One of the largest new entrants to the UK energy supply market, First Utility, has described the move by Scottish and Southern Energy (SSE) to auction 100 per cent of its electricity to any household supplier as "smoke and mirrors".
, the largest independent domestic electricity
supplier, said today that SSE
’s move would not have "any positive impact" for new entrants in the energy
SSE announced yesterday that it would start trading a proportion of its total electricity supply and demand on the UK’s 'day-ahead’ wholesale market from this Friday (October 14), with a view to auctioning 100 per cent of its energy by the beginning of next year. SSE, the second largest electricity generator in the UK, said the move would provide transparency and would "help address one of the perceived barriers to entry into the electricity supply market".
The Government is trying to encourage more players in the energy market, which is currently dominated by the 'Big Six’, as it tries to drive down electricity and gas bills and get Britain on a low carbon footing.
However, First Utility, which promotes energy efficiency
through its smart meters and offers simpler tariffs and billing to its customers, said the move by SSE would have a "negligible impact" on its own wholesale energy requirements.
"The announcement today by Scottish and Southern Energy that it will begin auctioning its generated energy to any supplier will have a negligible impact on encouraging competition because the energy is only available on a day-ahead basis, which constitutes less than one per cent of First Utility’s wholesale energy requirement. The majority of the power it buys for customers is purchased up to two years in advance," First Utility said in a release.
First Utility, which launched its 'Manifesto for Modernising the UK’s Energy Industry’ today, is calling for far greater liquidity in the wholesale market for growing supply businesses such as First Utility. It said the energy regulator, Ofgem, should force all six energy utility companies to auction more than 50 per cent of their electricity on the wholesale market. Currently, Ofgem is proposing the 'Big Six’ auction 10 to 20 per cent by 2013.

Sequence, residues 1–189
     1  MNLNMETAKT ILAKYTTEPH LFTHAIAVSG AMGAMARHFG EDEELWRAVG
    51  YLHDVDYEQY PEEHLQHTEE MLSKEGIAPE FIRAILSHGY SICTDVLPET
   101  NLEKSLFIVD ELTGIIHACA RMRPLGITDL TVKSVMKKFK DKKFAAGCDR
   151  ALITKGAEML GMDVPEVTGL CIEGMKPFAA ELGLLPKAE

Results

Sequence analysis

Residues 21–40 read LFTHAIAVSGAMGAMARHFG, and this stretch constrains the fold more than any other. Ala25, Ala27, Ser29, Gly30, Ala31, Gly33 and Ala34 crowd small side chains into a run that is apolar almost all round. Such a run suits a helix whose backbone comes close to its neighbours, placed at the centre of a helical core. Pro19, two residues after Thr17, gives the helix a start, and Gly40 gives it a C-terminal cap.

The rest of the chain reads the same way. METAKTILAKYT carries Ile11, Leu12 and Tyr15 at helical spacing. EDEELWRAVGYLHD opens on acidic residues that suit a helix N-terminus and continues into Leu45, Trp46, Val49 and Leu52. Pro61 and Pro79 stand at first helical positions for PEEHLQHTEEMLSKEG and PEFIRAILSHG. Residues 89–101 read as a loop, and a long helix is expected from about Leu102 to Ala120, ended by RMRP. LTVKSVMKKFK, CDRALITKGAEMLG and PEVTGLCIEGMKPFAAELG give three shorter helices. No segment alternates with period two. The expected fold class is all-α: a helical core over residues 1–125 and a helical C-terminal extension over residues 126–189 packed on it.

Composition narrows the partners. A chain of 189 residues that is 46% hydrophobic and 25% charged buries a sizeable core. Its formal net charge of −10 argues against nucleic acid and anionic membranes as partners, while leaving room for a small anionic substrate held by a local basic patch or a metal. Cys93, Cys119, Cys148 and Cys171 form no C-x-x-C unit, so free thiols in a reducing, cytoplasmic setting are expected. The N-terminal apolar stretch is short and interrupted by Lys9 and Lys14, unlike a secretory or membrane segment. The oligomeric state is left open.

Co-operative Energy, a recent entrant to the energy supply market, which is promising a fairer deal to customers and green energy as part of its mix, said today it welcomed SSE’s move, but said it did not go far enough.
"This is a step in the right direction for the energy industry as it provides more volume in wholesale markets," said Nigel Mason, business development manager for Co-operative Energy. "However, more volume is only part of the solution for small suppliers such as Co-operative Energy and others looking to gain entry into the market.
"In order for this to be an effective move, contracts need to be of the right duration, not just one day ahead and of the right shape, to match the profile of domestic consumption. To avoid indirect discrimination against the small suppliers it is essential that the rules of the auction process are properly addressed."
Despite new entrants coming into the UK energy market, many of which offer lower bills, simpler tariffs and greener solutions to householders, 99 per cent of people still get their energy from the Big Six.
SEE’s move is likely to go down well with politicians from both sides of the House of Commons, which have been turning up the pressure on big energy firms in recent months to break their dominance in the face of big hikes in electricity and gas bills. Energy Secretary Chris Huhne, meanwhile, is looking to open up the market as he pushes through reform of the electricity market to deliver low carbon energy at the lowest cost to consumers.
According to the Financial Times "one or two" other big utility firms are expected to announce similar moves to SSE’s by the end of the year.
Like this story? Please subscribe to our free weekly e-newsletter at the top of the page for more content like this.